The Government’s decision to press ahead with plans to reduce subsidies for medium to large-scale solar initiatives in the UK has been met with concern by the solar industry.
Accused of significantly limiting the country’s solar future, ministers have decided to stick to their guns on a spending issue that caused much controversy when it was first published. Without increasing the availability of subsidies under the feed-in tariffs system, the UK is set to lose substantial investment in the solar industry over the coming years.
Considering that most of next year’s budget for feed-in tariffs has been allocated already, little money will be made available for small-scale operators who happened to install solar equipment in the current year. Without further investment, it is argued, the UK solar industry is destined for disaster.
As ministers refuse to entertain the possibility of increasing the feed-in tariff budget or removing restrictions on subsidies for medium to large operators, the UK Government risks falling even further behind in the global race for solar supremacy.</p>
Dave Sowden, the Chief Executive of the Micropower Council, explained: “The scheme is a victim of its own success. If the annual caps are as rigid as we are being led to believe, this is a serious problem. The industry is worried that the growth is not going to be there”.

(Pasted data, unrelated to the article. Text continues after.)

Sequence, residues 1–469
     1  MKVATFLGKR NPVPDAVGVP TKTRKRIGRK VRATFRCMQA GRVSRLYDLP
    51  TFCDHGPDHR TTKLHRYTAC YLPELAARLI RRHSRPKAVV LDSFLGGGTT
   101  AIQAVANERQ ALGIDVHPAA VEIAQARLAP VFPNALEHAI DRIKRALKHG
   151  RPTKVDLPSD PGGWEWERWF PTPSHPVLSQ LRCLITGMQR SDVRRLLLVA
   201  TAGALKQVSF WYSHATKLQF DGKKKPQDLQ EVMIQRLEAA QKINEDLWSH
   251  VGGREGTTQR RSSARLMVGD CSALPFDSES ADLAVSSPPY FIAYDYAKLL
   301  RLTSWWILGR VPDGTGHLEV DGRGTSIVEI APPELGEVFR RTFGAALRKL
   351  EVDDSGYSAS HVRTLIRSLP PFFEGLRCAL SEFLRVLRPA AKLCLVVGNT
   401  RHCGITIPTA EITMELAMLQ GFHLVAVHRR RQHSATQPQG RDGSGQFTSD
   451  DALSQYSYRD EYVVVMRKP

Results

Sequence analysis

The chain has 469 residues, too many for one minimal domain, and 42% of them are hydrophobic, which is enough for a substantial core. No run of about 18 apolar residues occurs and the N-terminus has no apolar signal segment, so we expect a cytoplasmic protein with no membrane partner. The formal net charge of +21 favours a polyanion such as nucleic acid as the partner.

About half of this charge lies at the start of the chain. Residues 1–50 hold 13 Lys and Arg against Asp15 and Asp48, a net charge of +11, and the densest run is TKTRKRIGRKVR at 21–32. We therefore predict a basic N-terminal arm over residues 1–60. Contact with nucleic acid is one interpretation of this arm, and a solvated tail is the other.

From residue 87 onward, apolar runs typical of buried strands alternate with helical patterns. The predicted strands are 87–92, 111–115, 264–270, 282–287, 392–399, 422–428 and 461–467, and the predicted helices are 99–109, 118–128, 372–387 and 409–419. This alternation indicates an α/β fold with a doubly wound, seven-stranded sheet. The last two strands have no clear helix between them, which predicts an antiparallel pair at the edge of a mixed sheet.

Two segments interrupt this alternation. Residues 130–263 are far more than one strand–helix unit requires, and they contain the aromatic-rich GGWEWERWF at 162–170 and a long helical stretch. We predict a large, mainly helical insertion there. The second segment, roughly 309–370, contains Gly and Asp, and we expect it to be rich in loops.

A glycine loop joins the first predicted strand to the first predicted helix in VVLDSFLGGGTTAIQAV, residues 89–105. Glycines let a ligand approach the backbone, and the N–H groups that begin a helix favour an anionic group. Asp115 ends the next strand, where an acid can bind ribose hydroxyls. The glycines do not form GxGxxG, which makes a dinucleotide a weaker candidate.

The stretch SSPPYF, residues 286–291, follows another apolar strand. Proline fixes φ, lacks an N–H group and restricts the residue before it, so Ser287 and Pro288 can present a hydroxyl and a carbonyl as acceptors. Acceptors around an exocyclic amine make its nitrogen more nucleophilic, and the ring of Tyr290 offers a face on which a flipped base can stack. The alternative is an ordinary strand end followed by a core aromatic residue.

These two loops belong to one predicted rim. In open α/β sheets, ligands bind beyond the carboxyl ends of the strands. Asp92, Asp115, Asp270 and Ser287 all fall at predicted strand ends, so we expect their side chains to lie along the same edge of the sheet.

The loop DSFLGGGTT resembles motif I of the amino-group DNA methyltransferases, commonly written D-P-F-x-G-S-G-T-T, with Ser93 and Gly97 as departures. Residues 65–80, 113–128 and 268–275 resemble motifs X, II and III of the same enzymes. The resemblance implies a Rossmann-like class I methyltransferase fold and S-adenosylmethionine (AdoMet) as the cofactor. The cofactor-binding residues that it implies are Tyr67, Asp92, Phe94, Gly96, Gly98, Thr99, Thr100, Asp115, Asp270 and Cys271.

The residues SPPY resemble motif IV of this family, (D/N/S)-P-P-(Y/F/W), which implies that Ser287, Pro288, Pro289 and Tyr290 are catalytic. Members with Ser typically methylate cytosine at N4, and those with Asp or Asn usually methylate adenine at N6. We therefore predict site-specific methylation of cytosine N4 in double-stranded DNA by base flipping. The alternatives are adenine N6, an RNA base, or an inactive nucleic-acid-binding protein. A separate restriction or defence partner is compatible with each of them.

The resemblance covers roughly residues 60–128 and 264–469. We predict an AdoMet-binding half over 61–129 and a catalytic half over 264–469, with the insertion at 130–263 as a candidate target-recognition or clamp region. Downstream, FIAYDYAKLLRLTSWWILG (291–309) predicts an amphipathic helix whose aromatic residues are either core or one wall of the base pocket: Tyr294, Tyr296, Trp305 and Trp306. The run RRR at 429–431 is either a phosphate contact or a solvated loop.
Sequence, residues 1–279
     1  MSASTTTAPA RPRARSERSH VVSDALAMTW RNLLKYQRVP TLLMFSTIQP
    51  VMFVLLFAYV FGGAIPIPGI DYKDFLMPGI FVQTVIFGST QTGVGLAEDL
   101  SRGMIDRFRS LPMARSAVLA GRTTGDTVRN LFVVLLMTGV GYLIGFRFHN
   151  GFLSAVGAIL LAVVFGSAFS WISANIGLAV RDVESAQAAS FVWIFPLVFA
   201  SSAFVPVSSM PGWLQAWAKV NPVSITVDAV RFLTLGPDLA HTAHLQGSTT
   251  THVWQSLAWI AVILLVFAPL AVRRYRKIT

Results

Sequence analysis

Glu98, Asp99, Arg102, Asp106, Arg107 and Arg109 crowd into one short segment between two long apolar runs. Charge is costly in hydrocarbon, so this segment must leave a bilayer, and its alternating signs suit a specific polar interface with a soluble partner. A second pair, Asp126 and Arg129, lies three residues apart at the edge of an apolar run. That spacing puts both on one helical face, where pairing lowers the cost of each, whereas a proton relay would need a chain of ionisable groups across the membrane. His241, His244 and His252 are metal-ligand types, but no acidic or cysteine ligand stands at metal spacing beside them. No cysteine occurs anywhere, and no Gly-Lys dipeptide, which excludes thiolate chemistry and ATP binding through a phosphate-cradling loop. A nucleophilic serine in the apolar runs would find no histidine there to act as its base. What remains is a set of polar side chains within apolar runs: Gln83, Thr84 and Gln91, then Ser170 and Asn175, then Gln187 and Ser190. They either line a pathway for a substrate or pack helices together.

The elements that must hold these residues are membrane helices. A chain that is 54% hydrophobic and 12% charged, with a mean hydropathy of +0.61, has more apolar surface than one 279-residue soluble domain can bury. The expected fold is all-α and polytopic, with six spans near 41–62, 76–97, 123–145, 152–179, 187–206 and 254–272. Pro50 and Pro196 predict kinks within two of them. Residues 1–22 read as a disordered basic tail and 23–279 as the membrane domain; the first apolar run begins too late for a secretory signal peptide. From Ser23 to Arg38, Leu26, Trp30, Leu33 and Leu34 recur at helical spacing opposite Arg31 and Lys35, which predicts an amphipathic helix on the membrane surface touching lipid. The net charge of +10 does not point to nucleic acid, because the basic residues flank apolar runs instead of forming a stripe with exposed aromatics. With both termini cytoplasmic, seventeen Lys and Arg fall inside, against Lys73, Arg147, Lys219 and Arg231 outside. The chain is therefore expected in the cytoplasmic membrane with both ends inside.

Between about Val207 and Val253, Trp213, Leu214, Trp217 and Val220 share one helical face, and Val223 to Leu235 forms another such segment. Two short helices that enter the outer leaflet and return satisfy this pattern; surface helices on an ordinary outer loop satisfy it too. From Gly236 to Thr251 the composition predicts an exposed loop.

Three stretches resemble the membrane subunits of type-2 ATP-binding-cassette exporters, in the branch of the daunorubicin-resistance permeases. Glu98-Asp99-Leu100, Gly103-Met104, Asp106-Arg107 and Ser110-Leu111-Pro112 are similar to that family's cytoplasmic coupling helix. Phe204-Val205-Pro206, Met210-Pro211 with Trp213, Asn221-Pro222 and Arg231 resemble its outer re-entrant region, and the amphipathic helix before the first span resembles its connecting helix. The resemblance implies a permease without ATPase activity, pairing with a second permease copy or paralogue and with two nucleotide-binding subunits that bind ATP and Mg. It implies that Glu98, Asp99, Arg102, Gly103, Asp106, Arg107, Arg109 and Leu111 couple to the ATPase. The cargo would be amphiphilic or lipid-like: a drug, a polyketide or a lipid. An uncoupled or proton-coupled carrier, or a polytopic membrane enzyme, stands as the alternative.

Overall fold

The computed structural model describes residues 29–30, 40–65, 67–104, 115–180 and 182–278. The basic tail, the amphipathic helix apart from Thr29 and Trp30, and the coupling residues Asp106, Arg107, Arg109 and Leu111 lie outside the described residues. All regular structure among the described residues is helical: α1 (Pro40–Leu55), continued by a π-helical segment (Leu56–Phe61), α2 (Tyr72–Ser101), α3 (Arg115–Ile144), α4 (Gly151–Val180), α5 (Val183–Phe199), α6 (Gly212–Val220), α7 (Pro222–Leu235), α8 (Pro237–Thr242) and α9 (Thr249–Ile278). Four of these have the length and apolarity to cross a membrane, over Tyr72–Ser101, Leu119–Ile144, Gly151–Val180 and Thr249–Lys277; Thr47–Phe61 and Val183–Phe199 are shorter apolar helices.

In response, a spokesperson for the Department of Energy and Climate Change (DECC) hinted that the feed-in tariffs would continue to be supported for private users and small-scale investors.
The spokesperson said: “The scheme is paid for by energy consumers through their bills and has a fixed budget. The scheme is proving popular with households and we are continually monitoring the take up to make sure that we stick to budget. As we have previously said, all tariffs in the scheme are being considered in the comprehensive review with that in mind and we are monitoring the situation very closely”.
Property owners in the UK can avail of solar PV technology by installing domestic panels that capture sunlight and convert it into electricity, which can be used throughout the home or sold to the National Grid under the feed-in tariffs system.